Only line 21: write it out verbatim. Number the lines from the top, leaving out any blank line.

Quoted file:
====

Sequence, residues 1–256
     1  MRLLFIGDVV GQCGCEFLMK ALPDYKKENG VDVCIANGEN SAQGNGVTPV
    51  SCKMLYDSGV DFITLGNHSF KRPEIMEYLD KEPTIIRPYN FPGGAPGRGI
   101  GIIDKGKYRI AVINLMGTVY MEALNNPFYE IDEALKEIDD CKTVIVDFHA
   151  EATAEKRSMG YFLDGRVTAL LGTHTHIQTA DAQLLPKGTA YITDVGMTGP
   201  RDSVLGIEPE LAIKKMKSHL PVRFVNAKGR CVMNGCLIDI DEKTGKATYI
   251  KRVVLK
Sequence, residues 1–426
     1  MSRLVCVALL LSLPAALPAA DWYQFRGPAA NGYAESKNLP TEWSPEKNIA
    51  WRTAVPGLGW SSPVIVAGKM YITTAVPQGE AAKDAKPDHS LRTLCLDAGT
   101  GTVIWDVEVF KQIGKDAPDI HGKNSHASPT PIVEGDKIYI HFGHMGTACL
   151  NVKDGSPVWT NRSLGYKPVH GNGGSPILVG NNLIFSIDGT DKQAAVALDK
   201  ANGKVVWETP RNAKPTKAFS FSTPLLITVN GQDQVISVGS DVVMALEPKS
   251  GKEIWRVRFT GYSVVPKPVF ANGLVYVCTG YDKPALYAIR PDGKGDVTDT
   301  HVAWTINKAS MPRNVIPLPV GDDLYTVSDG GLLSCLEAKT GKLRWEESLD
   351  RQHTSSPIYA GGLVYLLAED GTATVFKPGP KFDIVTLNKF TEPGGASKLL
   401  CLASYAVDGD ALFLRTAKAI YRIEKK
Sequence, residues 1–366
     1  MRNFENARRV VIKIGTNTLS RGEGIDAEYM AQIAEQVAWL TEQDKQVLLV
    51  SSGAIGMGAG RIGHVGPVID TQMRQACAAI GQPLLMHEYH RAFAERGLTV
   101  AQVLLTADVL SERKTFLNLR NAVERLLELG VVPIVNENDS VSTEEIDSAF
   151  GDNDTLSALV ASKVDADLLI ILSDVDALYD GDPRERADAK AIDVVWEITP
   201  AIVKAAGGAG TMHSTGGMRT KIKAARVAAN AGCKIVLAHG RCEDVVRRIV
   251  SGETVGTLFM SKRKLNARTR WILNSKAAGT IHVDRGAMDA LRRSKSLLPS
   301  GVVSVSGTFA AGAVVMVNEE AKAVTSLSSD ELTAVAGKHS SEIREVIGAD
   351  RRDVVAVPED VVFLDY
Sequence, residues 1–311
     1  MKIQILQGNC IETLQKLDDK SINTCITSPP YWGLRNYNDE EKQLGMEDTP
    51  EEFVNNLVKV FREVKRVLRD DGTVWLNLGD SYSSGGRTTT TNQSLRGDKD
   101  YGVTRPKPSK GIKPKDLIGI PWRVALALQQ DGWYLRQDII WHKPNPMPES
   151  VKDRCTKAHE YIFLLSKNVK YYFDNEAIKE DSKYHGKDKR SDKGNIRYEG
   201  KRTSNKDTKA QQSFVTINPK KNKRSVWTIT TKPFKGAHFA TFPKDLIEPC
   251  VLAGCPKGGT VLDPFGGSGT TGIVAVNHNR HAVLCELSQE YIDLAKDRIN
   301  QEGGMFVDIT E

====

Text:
   101  AQVLLTADVL SERKTFLNLR NAVERLLELG VVPIVNENDS VSTEEIDSAF